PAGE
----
The Biology of Alpine Habitats pp. 59-61 (2009)
Laszlo Nagy and Georg Grabherr

4.3 Other atmospheric physical and chemical factors related to climate

4.3.1 Atmospheric pressure

Atmospheric pressure and the partial pressure of gases in the air decrease with altitude, the only environmental factor specific to mountains. The rate of decrease is related to altitude (Fig. 3.2). While the partial pressure of component gases in the air decreases, their ratio to each other remains unchanged. The impacts of a decrease in atmospheric pressure on living organisms have been investigated in detail, especially on animal and human physiology and adaptation (Table 4.3). A variety of physiological and evolutionary adaptations have helped the colonization of high-altitude habitats by flying insects (Dillon et al. 2006), anurans and reptiles (Navas 2002, 2006), birds (Altschuler and Dudley 2006), and mammals (Hayes and O'Connor 1999). For plants it has been observed that some biophysical-physiological phenomena are connected to air pressure, such as transpiration, which increases with a decrease in atmospheric pressure Körner (2003). Low atmospheric pressure has also been related to putative morphological adaptations in the form of mucilage production and low stomata numbers in high Andean plants (González 1985). There has been some recent experimental work on plant physiology in extreme hypobaric environments (e.g. Paul et al. 2004). The interesting finding from these studies was that low pressure caused the expression in Arabidopsis of about 200 genes, of which less than half were prompted by hypoxia alone, too. This indicates that hypobaria has its own impact, largely related to plant water economy, irrespective of the partial pressure of oxygen. However, as the above experiments used one-tenth of the pressure at sea level-much lower than any plant growing at extreme alpine altitudes can experience-results are difficult to relate to real-life high mountain conditions. There are some complex and less well explained phenomena related to low atmospheric pressure and related hypoxic conditions, such as the high survival rate of common garden lettuce (Lactuca sativa) at 6000 m, as observed by Halloy and González (1993). Frost damage, appeared to decrease under low atmospheric pressure (approximately 472 hPa versus 1013 hPa pressure at sea level) at temperatures (night-day) that would have prevented the plants from surviving at normal atmospheric pressure. Halloy and Gonzalez (1993) explained the increased frost/cold tolerance by the reduced oxidative damage to cells after thaw at a low ambient oxygen partial pressure, less than half of that experienced at sea level. The question remains, however, as to what extent cold tolerance is shaped by selection of taxa, or physiological adaptation in hypobaric (and hypoxic) high mountain environments.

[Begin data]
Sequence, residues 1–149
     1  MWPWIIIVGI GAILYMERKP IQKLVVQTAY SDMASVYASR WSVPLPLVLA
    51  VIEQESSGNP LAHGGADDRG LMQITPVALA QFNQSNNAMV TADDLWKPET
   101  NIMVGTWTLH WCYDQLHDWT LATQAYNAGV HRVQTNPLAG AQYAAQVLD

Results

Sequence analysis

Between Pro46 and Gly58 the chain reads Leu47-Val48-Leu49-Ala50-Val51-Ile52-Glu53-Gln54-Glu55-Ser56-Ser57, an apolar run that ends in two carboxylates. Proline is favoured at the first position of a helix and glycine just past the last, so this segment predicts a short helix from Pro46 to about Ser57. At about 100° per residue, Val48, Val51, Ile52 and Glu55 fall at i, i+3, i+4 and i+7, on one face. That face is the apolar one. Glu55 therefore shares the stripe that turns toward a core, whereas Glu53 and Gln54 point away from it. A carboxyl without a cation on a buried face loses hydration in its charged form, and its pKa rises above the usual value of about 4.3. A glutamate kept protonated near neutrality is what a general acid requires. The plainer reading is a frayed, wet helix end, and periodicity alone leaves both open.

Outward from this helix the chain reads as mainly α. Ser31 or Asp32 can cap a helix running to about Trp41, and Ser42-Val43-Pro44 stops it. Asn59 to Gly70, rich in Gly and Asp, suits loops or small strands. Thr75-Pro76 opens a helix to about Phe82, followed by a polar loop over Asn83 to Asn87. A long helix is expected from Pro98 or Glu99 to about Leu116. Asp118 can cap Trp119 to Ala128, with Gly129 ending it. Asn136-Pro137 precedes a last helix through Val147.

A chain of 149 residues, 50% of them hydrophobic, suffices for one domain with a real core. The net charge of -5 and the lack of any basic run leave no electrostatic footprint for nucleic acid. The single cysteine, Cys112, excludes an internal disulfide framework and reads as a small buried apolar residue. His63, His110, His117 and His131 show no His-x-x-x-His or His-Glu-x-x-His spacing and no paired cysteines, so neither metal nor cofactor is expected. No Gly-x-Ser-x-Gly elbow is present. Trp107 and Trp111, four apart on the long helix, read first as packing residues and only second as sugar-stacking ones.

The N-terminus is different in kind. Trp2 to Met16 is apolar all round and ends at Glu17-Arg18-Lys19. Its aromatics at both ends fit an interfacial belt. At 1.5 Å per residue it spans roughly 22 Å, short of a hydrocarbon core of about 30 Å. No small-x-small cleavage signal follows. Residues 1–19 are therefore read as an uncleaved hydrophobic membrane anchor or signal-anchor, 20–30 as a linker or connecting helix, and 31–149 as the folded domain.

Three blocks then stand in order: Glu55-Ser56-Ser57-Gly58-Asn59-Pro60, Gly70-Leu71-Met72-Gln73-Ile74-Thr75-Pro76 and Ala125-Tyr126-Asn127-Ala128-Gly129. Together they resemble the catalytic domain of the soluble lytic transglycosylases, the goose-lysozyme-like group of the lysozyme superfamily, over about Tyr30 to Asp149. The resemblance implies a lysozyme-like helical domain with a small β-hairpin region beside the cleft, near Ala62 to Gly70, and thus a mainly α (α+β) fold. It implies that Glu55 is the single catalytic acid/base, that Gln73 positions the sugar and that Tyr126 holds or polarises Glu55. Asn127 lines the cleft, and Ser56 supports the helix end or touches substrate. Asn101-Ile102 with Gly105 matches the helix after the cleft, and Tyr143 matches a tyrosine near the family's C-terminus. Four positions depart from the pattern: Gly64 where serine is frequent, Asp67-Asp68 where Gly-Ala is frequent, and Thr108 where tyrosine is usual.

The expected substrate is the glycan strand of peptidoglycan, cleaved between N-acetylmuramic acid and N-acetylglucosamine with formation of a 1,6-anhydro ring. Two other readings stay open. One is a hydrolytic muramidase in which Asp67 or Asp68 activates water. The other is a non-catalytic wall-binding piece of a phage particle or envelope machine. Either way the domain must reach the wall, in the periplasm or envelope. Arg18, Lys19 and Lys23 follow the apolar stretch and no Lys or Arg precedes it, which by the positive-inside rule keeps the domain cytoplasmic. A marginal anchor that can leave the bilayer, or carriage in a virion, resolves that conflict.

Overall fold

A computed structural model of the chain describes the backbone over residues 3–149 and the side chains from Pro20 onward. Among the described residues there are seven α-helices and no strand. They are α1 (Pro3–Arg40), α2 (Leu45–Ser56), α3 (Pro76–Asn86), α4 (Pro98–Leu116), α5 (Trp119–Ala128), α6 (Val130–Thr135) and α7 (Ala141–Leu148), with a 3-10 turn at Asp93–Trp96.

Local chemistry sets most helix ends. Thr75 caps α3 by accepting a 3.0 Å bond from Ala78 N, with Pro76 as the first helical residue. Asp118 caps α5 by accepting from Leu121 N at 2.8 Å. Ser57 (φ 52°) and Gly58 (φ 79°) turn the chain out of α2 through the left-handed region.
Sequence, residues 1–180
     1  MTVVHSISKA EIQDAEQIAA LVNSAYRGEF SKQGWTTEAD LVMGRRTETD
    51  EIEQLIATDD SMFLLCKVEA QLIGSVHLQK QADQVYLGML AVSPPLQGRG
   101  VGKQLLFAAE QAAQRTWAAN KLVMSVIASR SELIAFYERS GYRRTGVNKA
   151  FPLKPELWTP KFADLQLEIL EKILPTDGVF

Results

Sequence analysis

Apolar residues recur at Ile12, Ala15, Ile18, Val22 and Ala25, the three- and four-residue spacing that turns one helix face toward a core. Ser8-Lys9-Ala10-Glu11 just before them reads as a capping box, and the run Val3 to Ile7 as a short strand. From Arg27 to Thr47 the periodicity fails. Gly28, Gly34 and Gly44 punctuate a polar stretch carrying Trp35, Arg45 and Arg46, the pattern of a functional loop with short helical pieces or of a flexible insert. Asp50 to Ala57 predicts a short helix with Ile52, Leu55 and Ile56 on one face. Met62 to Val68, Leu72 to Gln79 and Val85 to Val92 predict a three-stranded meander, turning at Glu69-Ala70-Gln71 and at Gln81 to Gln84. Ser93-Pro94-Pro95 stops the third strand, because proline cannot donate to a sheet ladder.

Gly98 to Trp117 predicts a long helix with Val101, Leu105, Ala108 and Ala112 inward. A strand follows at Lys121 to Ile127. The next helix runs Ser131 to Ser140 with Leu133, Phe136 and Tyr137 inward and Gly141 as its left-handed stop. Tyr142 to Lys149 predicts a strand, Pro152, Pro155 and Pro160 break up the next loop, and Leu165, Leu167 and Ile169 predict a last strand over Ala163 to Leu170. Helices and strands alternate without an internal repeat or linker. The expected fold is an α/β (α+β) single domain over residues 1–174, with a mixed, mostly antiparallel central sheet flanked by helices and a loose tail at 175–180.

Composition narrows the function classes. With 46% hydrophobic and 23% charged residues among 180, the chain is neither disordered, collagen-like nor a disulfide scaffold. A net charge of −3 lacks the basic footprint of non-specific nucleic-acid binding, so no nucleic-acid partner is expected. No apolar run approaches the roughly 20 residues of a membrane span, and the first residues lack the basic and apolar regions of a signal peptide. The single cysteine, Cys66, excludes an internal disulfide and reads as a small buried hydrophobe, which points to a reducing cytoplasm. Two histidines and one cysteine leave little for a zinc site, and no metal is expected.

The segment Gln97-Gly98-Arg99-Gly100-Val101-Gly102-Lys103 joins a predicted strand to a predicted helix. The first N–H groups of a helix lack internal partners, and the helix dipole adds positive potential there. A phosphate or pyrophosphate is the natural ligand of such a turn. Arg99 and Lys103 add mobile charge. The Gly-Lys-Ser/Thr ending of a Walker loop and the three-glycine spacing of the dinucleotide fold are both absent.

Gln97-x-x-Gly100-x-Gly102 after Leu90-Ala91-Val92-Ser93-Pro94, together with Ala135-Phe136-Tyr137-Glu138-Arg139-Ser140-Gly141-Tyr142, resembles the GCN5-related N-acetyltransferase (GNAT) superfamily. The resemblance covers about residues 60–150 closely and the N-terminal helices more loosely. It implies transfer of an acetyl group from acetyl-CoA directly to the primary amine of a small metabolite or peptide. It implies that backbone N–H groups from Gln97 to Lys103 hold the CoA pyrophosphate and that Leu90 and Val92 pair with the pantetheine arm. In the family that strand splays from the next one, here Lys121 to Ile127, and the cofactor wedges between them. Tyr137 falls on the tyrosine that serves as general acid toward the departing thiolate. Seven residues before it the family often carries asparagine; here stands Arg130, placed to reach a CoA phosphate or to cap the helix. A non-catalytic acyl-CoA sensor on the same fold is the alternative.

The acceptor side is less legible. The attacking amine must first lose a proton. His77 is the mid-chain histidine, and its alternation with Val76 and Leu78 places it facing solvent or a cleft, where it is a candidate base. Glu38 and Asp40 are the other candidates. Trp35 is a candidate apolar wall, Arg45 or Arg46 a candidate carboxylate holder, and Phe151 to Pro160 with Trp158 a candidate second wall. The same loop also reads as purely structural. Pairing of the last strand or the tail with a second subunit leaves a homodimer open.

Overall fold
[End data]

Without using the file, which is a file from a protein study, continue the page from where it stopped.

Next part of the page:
Michurin: High Atmospheric Pressure (1929)

Atmospheric Pressure, Plant Growth & Development